The first thing any founder has to consider is why you want to start a nonprofit? There are a few questions that will help you think through whether or not you want to start a charity. For instance, you should ask yourself what you see as a need that you can alleviate in your community? What is the purpose and mission of your group? What is the mission of your nonprofit you'd like to create? Also, a critical question that you want to address is whether or not anyone else is filling the same need. If so, what would make your nonprofit different from the others?

Understand the IRS and state requirements for your charity

As you consider the start of a nonprofit organization, you will have to complete federal and state forms. Again, because of the tax-exempt status of your nonprofit group, the IRS and state require different filings. These filings are crucial. Last year, the IRS revoked the tax-exempt status of almost 50,000 nonprofit groups. And, if you want to create a chapter or affiliate nonprofit organization down the line, there are more filings. You also must to develop policies and procedures for the operation of your nonprofit. Thousands of nonprofit groups have gotten started with myRENOSI. Take a look at the Quick-Start Guide for more information on compliance.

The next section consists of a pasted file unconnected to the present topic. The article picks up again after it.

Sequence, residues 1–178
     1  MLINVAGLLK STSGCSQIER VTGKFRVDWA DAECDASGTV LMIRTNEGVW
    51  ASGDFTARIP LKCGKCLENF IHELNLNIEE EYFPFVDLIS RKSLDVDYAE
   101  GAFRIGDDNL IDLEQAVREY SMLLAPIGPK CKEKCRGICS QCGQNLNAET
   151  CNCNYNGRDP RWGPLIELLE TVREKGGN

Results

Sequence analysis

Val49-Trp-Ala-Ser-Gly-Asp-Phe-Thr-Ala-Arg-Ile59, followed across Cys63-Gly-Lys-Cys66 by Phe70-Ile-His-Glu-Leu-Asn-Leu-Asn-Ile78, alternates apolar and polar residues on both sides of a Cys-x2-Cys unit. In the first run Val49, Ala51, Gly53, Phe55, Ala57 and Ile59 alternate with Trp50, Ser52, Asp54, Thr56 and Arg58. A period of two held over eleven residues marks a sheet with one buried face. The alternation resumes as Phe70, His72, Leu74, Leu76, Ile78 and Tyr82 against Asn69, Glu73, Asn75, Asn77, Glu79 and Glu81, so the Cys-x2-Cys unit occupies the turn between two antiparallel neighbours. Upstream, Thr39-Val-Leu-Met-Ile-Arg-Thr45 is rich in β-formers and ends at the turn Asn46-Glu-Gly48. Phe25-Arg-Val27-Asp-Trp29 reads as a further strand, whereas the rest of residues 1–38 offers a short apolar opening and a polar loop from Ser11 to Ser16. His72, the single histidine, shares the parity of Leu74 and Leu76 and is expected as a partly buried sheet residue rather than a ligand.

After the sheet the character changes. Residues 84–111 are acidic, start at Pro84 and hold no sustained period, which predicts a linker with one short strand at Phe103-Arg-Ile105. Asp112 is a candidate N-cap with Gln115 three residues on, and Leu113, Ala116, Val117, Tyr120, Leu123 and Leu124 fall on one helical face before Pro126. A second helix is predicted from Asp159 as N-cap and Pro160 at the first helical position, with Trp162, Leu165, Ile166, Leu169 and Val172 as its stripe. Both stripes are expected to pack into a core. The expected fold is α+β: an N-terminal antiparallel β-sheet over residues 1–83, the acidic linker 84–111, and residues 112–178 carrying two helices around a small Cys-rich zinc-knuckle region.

Funding for your nonprofit

As was mentioned above, funding is a challenge for nonprofit start-up groups. Meaning, funders want to invest in charities that will perform. For example, they want to know that the board members and executive team have experience and knowledge that benefit the group. And, donors also want to know other funders supporting your cause.  That said, there are places that you can find seed funding for your new charity. For instance, an excellent place to start is with Candid. Candid is the combined organization of the Foundation Center and Guidestar. You can also use Google to research local foundations providing start-up funding as well as Grants.gov.